Goat Breeding and Marketing
Although gardening yields many benefits, establishing a consistent supply of vegetables to commercial markets is difficult in colder areas, where frosts can wipe out entire harvests. The goat program addresses the need for an income source resilient not only to the rainfall pattern, but also to frost and conditional markets. Goats are hardy, in-demand animals that require less intensive methods than other livestock. Additionally, by keeping them in raised houses, their manure provides an organic fertilizer that can improve farming and gardening profit margins.
Goats are prevalent in villages throughout Southern Province; however they receive little to no management and their growth and profit remain small. We connect farmers with relevant management knowledge, regarding the topics of herding, housing, and health. With healthier goats, the farmer’s herd can reach its full potential both in size and number.
Management practices decide how much a goat grows within a range that is determined by goat's breed. Local breeds in Zambia are hardy but very small, limiting the returns they can fetch at market. SAM has a large breeding herd of “Boer” goats, a larger breed that puts on weight faster and gives birth to more kids each year. We offer this breeding stock to a growing network of farmers in our program. With each generation, the size and value of their own herds are increased. And when they sell their own breeding stock to their neighbor, they contribute to the spread of a stronger goat breed throughout Southern Province.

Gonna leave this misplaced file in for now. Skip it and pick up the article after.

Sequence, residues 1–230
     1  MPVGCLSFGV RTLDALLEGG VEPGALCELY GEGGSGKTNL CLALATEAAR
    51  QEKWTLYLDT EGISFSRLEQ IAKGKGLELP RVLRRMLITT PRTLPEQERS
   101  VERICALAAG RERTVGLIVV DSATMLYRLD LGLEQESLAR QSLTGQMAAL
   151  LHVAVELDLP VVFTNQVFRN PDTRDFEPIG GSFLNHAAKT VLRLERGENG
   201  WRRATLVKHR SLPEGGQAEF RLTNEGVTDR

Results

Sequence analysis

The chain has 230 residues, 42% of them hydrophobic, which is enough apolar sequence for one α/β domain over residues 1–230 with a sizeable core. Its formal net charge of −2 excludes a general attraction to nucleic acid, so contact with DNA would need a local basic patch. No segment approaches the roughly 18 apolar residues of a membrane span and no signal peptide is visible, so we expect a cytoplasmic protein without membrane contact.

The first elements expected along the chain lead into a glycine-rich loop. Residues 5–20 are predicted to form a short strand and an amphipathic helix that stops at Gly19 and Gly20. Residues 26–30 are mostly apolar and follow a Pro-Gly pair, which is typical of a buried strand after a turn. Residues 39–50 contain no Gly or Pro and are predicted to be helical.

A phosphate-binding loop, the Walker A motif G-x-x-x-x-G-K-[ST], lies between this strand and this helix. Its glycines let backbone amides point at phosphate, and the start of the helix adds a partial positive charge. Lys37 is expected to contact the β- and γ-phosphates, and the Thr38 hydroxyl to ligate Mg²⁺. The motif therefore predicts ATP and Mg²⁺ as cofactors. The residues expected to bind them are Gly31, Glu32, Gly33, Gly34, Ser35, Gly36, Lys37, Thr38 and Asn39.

Currently, village goat farmers in Southern Province are poorly connected to market. Some of their most frequent buyers are marketeers from Zambia’s capital and neighbouring countries. These business men purchase goats at the roadside at miniscule prices, drive north to more vibrant markets, and sell for huge profits.
SAM is currently working with farmers to establish a farmer-operated supply chain that removes the middleman and keeps the value in the farmers’ hands. The growing network of goat farmers will soon be large enough to regularly supply their own trucks to higher-paying markets. By assisting them become familiar with logistics of such an operation, we are working towards a long-term economic boon for our goat-farming program participants.